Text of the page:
German arrested in Libyan nuclear probe

26th August 2004, Comments 0 comments

27 August 2004 , KARLSRUHE - Authorities in Germany have arrested a 65-year-old German businessman in connection with an investigation into illegal equipment for Libya's nuclear programme. The suspect was detained at his home in Hesse during a raid by federal investigators on Wednesday, said German Chief Federal Prosecutor Kay Nehm. The German high court issued an arrest warrant Thursday against the businessman. He faces charges of attempted treason and illegally aiding and abetting development of nuclear

27 August 2004

KARLSRUHE - Authorities in Germany have arrested a 65-year-old German businessman in connection with an investigation into illegal equipment for Libya's nuclear programme.

The suspect was detained at his home in Hesse during a raid by federal investigators on Wednesday, said German Chief Federal Prosecutor Kay Nehm.

The German high court issued an arrest warrant Thursday against the businessman.

He faces charges of attempted treason and illegally aiding and abetting development of nuclear weaponry. Under German law, it is illegal to export equipment or technology to certain developing countries that could be used for weapons purposes.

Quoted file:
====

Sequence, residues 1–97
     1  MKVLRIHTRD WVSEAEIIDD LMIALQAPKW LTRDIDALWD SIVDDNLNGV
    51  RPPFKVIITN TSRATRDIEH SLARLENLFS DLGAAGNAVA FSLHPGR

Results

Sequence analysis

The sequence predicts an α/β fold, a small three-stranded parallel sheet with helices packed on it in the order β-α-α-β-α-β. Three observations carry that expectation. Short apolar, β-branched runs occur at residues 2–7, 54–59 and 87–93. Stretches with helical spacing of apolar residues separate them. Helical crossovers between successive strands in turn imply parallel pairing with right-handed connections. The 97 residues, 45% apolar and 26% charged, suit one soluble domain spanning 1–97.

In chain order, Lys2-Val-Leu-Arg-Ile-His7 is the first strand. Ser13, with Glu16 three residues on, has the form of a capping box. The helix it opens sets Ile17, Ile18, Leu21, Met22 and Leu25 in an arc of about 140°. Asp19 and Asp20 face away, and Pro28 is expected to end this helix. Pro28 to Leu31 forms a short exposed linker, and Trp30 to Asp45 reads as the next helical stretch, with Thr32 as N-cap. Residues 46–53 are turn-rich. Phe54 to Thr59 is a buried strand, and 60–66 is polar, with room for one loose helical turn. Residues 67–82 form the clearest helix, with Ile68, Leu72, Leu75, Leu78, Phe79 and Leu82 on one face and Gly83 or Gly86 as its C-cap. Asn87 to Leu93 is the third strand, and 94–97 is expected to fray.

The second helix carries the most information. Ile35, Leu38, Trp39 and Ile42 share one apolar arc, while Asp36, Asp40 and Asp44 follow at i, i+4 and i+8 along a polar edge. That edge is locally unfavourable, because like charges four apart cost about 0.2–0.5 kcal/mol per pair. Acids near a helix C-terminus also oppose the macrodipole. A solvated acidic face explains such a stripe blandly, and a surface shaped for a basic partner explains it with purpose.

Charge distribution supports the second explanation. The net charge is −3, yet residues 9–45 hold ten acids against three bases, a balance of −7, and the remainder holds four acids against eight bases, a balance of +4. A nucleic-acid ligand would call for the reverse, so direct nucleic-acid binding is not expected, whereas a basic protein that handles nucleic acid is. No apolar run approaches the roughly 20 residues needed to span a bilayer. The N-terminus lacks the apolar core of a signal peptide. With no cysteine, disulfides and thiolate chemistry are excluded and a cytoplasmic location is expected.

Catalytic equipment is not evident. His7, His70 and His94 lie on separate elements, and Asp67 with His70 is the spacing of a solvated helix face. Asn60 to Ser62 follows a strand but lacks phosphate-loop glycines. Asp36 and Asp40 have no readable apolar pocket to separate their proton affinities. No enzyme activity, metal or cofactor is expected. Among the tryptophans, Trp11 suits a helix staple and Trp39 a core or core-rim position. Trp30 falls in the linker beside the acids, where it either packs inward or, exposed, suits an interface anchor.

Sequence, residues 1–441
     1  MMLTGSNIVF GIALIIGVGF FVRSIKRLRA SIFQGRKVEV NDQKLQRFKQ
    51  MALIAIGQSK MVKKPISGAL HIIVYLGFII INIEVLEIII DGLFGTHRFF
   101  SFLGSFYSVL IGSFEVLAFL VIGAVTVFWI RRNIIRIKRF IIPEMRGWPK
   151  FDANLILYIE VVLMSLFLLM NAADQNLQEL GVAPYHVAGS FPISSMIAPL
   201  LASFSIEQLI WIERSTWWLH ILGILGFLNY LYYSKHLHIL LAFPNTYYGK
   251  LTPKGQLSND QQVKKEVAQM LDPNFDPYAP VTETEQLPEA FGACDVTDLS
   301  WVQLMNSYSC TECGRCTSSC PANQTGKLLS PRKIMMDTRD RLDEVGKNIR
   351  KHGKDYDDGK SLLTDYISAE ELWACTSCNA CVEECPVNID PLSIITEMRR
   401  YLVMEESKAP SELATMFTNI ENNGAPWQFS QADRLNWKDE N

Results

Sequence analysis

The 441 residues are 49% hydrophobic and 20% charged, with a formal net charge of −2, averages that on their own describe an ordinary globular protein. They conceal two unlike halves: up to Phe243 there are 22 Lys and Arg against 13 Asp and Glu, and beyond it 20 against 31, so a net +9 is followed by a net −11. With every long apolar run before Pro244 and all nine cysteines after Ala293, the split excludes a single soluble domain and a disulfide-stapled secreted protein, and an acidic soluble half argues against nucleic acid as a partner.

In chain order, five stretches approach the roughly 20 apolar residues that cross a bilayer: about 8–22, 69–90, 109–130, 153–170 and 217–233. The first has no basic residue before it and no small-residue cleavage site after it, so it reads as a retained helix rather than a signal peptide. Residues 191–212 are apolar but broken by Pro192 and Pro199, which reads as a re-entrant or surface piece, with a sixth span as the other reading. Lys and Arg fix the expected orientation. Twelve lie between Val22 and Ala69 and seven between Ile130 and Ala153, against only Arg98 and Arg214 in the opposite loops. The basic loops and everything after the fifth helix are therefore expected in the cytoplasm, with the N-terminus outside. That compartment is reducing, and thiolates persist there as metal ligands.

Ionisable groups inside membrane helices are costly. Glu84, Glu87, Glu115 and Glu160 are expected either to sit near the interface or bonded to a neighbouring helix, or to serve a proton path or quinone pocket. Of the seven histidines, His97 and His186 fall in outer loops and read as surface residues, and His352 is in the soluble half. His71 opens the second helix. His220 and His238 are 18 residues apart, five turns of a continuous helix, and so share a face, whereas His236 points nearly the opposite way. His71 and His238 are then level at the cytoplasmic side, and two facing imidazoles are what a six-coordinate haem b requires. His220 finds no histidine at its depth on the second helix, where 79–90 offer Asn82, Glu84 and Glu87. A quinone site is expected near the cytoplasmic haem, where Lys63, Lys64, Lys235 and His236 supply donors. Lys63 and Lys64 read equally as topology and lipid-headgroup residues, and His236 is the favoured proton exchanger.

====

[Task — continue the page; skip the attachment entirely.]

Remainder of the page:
The warrant by the Bundesgerichtshof, the highest court in Germany dealing with civil and criminal issues, comes a day after Chancellor Gerhard Schroeder announced plans to visit Libya this autumn following Tripoli's agreement to pay USD 35 million in compensation to victims of a 1986 bombing in Berlin.

In a further development, an Economics Ministry spokeswoman said the government on Thursday would approve reinstating Hermes export guarantee credits to German firms selling goods to Libya.

The moves come after Libya hammered out a USD 35 million compensation deal with lawyers of European nationals injured and killed in the terrorist attack on a disco in west Berlin which was popular with U.S. soldiers.

The bomb blast on 5 April 1986, killed two US servicemen and a Turkish woman and injured more than 200 people. In retaliation, the United States carried out airstrikes against targets in Libya a few weeks later.

A Berlin court that jailed the bombers in 2001 ruled the Libyan intelligence service was the instigator.

Tripoli has already agreed to pay a total of USD 2.7 billion to families of people killed in the 1988 bombing of an airliner over Lockerbie, Scotland, and similar damages for the destruction of a French airliner in Africa.

DPA

Subject: German news
 

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